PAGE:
Who is suitable for treatment?

This is a form of drug treatment given by injection which acts directly on the ovary, causing follicles to grow and ovulate. Its use is restricted to those women who either do not ovulate in response to simpler treatments or who have failed to become pregnant after a number of ovulatory cycles on these treatments.

How is the treatment organised?

The treatment should be monitored carefully with regular scans and blood tests.

At each visit during your treatment, you will be given instructions about further appointments and treatments, either to continue with the injections you have been having to make the follicles grow, or to have a final injection of Human Chorionic Gonadotrophin (Pregnyl) which will cause the egg follicles to ovulate.

Good communication is necessary between you and the clinic. Please have an empty bladder when you attend for monitoring with ultrasound scans.

Who gives the injection?

Most patients learn how to give their own with a simple auto-injector device. The nursing staff in the clinic will help you to learn how to do this and give advice.

Are there side effects?

You may experience some tenderness and minor bruising at the injection site. If the site becomes red or swollen, please contact the clinic.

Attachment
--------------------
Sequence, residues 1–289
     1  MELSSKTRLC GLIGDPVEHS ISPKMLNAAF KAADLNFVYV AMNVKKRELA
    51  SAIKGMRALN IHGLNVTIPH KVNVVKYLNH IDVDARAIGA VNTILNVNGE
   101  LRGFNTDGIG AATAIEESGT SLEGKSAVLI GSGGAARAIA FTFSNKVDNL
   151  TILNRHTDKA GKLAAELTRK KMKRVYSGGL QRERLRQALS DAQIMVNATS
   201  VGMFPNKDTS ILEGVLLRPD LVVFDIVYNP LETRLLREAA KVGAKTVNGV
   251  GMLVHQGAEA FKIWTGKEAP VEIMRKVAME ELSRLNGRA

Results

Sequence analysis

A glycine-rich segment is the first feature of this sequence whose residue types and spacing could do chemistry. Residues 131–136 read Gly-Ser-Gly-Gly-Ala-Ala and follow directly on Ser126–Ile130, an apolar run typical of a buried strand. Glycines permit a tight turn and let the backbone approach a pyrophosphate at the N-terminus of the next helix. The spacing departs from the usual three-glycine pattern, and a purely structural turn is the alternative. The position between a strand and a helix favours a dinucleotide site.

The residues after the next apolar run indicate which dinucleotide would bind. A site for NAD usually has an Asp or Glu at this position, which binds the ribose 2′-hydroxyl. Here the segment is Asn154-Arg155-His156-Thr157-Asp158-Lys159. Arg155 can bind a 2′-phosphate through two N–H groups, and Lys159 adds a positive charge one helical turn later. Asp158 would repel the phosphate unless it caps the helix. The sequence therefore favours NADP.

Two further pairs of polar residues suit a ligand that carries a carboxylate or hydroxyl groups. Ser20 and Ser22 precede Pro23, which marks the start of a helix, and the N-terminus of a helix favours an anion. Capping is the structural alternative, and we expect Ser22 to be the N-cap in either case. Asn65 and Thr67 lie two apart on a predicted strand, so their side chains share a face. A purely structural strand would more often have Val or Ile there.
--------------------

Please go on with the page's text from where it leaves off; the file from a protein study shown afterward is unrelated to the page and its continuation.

Sometimes patients experience some period-like pain in the lower abdomen when the ovaries are enlarged by follicles. Simple pain killers such as paracetamol or aspirin should be enough to control any discomfort.

We advise patients not to use some types of painkillers at this time, such as Neurofen (pain relief containing Brufen).

Serious enlargements of the ovaries which may need treatment in hospital can occur if the treatment is not properly managed and controlled. This is a very unusual side effect.

Some patients may experience some changes in their emotions during the course of the cycle.

Ref: 14/19/143
Review: 03/21